8000 meter peaks. Strong among
these dreams was to help others from his region
experience the mountains and friendships he enjoyed
during his travels. After Anatoli’s death on
Annapurna, I accompanied Linda Wylie to Almaty to
help take care of his belongings, meet his siblings,
and interact with the Sports Club in an effort to
establish an exchange program between Kazak and
Western climbers. We met with the kids (ranging in
age from 9 to early 20s), went for hikes from club
facilities above the city, and were continually
impressed with the strength and ingenuity we saw
from the group of motivated young people. We then
joined a number of the students and their coaches
for a portion of their summer training program in
the Tien Shan range. Through day after day of
rains and snows so thick the big Soviet choppers
would not fly, the campers kept after it, bagging
the slippery 4000m summits rising out of the valley,
cranking up the wood-fired sauna, or cooking up
mounds of fresh mushrooms gathered in the woods.
When the weather finally cleared, the most
experienced club members were off to the North
Innylchek glacier to tackle Khan Tengri (7010m), one
of the world’s most beautiful peaks.
was amazed at the respect the kids showed their
coaches. Ludmilla, an Everest veteran who coached
teenagers, had only to nod her head, and one of the
boys would assure teacups were full – or packs
properly prepared for the next day’s outing.
The Boukreev Memorial set up a Fund that provides
opportunities for the Sports Club members to
travel internationally to climb, it assists the Club
in obtaining equipment, and supports an exchange
program between US and Kazak climbers. Anatoli
would like it! He always liked to broaden his
experience through the personal bonding that happens
with partners in the mountains. We believe
when people from different cultures learn to rely on
one another in the mountains, the connections
created will build cultural understanding – one
human at a time.
was a role model for many of the young athletes now
emerging from deep behind the iron curtain.
Not only was he the strongest high altitude climber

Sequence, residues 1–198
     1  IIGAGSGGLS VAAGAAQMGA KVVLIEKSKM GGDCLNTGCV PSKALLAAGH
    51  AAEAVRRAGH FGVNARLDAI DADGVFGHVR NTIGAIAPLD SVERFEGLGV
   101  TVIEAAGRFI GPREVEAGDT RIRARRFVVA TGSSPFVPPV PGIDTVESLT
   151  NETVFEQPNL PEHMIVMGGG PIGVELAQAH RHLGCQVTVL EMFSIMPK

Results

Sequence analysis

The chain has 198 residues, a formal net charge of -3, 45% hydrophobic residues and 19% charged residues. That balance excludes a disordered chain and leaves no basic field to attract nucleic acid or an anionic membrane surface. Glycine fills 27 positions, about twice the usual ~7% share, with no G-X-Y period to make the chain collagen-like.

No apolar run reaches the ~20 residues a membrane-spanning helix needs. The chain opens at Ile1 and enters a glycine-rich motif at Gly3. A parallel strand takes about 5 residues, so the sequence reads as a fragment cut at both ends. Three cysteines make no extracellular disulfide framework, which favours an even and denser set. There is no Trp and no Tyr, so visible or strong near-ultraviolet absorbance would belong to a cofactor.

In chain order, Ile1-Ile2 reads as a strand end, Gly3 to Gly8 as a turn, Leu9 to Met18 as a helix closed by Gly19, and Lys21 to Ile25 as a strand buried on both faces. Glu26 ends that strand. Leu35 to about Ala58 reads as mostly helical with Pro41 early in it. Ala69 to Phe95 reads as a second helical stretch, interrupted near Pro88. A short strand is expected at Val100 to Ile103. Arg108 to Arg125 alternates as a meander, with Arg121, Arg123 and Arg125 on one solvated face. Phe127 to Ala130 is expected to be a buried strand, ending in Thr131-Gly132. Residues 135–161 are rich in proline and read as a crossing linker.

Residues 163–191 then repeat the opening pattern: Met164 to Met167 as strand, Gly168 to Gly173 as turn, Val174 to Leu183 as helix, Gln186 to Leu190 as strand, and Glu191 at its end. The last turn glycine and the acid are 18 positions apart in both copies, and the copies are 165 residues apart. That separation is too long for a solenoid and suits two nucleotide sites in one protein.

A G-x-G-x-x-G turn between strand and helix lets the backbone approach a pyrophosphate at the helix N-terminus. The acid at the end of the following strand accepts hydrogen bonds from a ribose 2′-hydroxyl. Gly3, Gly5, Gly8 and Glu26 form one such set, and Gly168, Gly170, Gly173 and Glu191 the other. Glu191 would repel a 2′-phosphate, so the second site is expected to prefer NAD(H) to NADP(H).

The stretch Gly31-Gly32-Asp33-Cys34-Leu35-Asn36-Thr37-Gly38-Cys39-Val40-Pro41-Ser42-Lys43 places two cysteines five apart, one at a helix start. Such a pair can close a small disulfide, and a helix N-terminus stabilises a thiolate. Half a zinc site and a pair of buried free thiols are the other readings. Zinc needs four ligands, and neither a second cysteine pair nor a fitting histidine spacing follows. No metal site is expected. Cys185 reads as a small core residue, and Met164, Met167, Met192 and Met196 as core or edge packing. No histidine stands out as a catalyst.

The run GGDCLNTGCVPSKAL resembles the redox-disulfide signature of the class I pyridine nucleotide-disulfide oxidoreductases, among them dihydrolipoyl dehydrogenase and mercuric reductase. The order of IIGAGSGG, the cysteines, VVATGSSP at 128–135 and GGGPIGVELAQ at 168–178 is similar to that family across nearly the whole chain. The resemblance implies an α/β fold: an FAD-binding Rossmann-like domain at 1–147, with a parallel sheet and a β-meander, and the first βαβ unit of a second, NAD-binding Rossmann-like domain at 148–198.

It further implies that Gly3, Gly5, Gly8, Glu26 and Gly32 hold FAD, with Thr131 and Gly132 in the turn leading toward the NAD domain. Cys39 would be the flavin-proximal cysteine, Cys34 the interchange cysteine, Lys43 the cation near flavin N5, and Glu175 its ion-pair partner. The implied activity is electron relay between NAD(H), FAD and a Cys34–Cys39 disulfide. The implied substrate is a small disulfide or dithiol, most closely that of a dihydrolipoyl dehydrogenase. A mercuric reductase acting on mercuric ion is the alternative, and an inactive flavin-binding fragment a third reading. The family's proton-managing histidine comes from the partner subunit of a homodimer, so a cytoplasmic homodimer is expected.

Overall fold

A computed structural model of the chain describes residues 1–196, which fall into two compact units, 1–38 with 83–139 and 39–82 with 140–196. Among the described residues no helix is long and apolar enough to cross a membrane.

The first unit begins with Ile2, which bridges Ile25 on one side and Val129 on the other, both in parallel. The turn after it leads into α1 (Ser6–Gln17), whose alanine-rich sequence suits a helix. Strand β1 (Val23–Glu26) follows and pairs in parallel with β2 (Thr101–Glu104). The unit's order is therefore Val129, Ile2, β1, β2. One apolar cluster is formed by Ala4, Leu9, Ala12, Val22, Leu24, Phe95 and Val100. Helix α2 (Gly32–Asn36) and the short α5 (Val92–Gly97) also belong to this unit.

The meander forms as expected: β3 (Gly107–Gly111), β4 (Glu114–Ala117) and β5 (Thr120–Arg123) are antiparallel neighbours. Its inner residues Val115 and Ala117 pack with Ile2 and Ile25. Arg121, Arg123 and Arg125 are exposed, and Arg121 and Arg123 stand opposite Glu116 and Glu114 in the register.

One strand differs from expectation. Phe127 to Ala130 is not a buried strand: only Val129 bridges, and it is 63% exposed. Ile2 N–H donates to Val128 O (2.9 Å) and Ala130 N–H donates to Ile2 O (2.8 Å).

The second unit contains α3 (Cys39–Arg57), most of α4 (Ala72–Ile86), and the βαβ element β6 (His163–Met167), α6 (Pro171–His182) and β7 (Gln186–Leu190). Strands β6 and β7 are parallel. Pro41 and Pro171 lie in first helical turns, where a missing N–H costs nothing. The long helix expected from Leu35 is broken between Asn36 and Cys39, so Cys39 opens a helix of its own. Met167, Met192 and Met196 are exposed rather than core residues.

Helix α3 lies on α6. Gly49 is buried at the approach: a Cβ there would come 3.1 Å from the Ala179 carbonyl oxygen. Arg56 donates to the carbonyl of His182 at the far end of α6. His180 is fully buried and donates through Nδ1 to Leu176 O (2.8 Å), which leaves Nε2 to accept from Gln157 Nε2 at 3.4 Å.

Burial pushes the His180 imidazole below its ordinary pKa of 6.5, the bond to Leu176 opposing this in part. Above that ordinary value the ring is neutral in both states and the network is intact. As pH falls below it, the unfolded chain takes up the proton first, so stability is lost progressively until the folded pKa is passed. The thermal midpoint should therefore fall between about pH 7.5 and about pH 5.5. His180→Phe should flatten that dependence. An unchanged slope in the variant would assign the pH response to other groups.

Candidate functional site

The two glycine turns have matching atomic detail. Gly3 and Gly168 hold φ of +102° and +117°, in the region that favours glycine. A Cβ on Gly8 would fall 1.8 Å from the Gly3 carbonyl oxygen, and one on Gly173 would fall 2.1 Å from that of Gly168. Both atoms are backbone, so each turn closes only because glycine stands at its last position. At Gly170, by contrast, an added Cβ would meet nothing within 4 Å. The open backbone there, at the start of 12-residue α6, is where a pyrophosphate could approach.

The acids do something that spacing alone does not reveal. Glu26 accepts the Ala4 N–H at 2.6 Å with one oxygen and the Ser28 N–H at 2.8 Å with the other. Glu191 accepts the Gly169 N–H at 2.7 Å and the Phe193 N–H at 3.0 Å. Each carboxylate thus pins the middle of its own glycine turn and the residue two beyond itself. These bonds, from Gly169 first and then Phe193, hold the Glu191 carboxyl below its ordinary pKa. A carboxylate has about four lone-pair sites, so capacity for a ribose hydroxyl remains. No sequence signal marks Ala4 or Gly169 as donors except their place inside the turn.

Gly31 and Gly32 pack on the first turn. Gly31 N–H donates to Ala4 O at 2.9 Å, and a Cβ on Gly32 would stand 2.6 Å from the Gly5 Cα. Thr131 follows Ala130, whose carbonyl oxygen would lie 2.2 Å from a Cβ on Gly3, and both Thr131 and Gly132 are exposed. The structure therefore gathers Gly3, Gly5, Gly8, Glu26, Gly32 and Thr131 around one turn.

of his generation, he had learned to function in
both western and post-Soviet cultures and developed
friendships around the globe. I hope that, in some
small way, we can help others expand their horizons
in their own ways. Kevin Cooney
Cooney was one of Anatoli’s
best friends. Let's all try to make Anatoli’s
Dream come true, the way YOU have helped Babu's
dream come true!
Anatoli Boukreev Memorial Fund is a 501C3 Not for
Profit Organization. Your gift is tax deductable.
Please let us know if you need a receipt. We do not
sell, or give away names. The
Anatoli Boukreev Memorial Fund have agreed to collect the funds for
these good causes in 2002. The fund donations
here (with these links) will be split 50% to Anatoli
Boukreev 's dream of funding Kazak climbers dreams
and 50% for the relief efforts in the Philippines
and Pakistan as noted above.
make a donation send your check to: Anatoli Boukreev
Memorial Fund PO Box 1170 Sandia Park New Mexico
make a donation using your
credit card or your checking
using Pay-pal here:
giving $25 or more by check or by pay-pal for a limited
receive an Anatoli Boukreev T-shirt: Sizes are Small
- Medium - Large - (X large SOLD OUT).
shirt is short sleeve, 100% Organic Cotton from
Patagonia. The front of the shirt has a small
oval graphic inside it. The back of the shirt
features the photo of Anatoli that is the signature
photo of our website and the words "Anatoli
Boukreev Memorial Fund"
you have a web site or publication and would like to
help out ?
us at firstname.lastname@example.org
EverestNews.com funds are here.